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Response Patterns in Computer-Administered Surveys
Unformatted Document Text:  Computer Administered Surveys 13 This table shows that of the participants who accepted the cookie, only 53.2% of these participants actually knew what they were accepting. Results of Research Questions Research Question 1 Questions 17 and 24 were pertinent to Research Question 1 (Does an Internet user’s knowledge of what cookies are and what they do affect whether or not users accept cookies?). Question 17 was an open-ended question asking participants if they knew what a cookie was. This question was coded into two response categories: participants either knew what a cookie was, or they did not. Answers in the former category (shown in Table 4) were indicated when participants defined a cookie as a piece of code left on one’s computer for the purpose of tracking or collecting marketing data, or any response that could be distilled into that operationalization. Question 24 (Do you block cookies from being placed on your computer? How?) also addressed the issue of cookies and the way participants choose to (or choose not to) block them. In addition, as shown in Table 5, the responses to Question 24 were further grouped into those participants who attempt to block cookies and those who make no such effort. Table 4: Frequency Distribution for Question 17, RQ 1 Group Response Frequency Percentage Participant incorrectly defined a cookie. 29 32.2% Participant correctly defined a cookie. 45 50.0% Participant declined to answer. 16 17.8% Table 5: Frequency Distribution for Question 24, RQ 1 Group Response Frequency Percentage Participant does not know what a cookie is. 38 44.2% Participant does not block cookies due to amount received. 18 20.9% Participant does not block cookies, instead removing them periodically. 13 15.1% Participants avoid cookies by declining when asked by their browser. 12 14.0% Participants use third-party software to block cookies. 2 2.3%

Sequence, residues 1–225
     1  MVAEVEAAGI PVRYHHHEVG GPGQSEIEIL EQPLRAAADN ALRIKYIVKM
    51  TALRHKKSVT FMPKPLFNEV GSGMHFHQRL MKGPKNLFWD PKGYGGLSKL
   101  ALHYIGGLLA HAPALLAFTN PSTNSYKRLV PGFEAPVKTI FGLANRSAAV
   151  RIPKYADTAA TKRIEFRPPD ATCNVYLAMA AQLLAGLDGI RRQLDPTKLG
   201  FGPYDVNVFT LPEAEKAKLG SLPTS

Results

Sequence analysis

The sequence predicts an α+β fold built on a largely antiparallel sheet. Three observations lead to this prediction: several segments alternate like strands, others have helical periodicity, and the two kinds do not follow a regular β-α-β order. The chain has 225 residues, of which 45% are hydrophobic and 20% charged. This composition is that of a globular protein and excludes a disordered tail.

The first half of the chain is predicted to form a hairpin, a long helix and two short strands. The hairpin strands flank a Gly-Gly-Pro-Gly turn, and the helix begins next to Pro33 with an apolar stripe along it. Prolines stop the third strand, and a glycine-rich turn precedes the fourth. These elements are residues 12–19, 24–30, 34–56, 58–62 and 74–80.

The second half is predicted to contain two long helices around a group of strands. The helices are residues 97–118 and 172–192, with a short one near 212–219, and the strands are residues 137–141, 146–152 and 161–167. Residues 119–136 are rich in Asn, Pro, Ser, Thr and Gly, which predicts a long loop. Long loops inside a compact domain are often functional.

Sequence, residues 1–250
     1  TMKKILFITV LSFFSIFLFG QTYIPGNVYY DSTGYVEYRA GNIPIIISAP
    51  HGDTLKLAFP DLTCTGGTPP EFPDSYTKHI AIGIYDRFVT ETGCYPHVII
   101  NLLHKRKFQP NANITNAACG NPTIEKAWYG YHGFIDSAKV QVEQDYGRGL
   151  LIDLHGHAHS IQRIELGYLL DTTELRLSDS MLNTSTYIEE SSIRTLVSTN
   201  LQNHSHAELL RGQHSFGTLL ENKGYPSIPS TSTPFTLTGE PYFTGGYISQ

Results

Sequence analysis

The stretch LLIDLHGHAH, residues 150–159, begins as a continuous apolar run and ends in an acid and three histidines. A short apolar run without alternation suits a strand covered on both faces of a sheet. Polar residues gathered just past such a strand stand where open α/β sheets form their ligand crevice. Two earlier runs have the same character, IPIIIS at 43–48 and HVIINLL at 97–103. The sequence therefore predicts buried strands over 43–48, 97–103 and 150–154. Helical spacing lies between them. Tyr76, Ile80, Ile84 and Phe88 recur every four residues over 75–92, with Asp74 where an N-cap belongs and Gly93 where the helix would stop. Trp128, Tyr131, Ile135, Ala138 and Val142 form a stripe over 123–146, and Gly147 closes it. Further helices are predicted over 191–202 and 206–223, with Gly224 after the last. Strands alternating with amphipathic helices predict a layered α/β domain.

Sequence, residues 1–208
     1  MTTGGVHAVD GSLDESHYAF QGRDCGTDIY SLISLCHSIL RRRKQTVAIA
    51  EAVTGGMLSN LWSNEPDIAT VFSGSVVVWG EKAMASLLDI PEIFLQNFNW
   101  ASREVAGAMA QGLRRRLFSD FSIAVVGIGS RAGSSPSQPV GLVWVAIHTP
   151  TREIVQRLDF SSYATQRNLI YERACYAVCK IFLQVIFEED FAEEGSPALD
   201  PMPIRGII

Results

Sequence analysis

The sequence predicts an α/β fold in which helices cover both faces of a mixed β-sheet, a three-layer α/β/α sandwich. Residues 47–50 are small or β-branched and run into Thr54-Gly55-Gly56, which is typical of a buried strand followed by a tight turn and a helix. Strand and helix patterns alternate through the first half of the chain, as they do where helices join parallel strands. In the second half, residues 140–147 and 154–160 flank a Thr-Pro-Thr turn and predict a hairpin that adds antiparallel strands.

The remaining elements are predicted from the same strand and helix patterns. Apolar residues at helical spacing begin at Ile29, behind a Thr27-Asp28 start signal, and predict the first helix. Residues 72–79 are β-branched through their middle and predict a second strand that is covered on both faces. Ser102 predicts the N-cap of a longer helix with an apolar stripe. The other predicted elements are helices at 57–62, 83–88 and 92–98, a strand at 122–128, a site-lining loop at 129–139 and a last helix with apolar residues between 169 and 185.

Authors: Roseman, Joshua. and Mitrook, Michael.
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background image
Computer Administered Surveys
13
This table shows that of the participants who accepted the cookie, only 53.2% of these
participants actually knew what they were accepting.
Results of Research Questions
Research Question 1
Questions 17 and 24 were pertinent to Research Question 1 (Does an Internet user’s
knowledge of what cookies are and what they do affect whether or not users accept cookies?).
Question 17 was an open-ended question asking participants if they knew what a cookie was.
This question was coded into two response categories: participants either knew what a cookie
was, or they did not. Answers in the former category (shown in Table 4) were indicated when
participants defined a cookie as a piece of code left on one’s computer for the purpose of
tracking or collecting marketing data, or any response that could be distilled into that
operationalization. Question 24 (Do you block cookies from being placed on your computer?
How?) also addressed the issue of cookies and the way participants choose to (or choose not
to) block them. In addition, as shown in Table 5, the responses to Question 24 were further
grouped into those participants who attempt to block cookies and those who make no such
effort.
Table 4: Frequency Distribution for Question 17, RQ 1 Group
Response Frequency
Percentage
Participant incorrectly defined a cookie.
29
32.2%
Participant correctly defined a cookie.
45
50.0%
Participant declined to answer.
16
17.8%
Table 5: Frequency Distribution for Question 24, RQ 1 Group
Response Frequency
Percentage
Participant does not know what a cookie is.
38
44.2%
Participant does not block cookies due to amount received.
18
20.9%
Participant does not block cookies, instead removing them periodically.
13
15.1%
Participants avoid cookies by declining when asked by their browser.
12
14.0%
Participants use third-party software to block cookies.
2
2.3%


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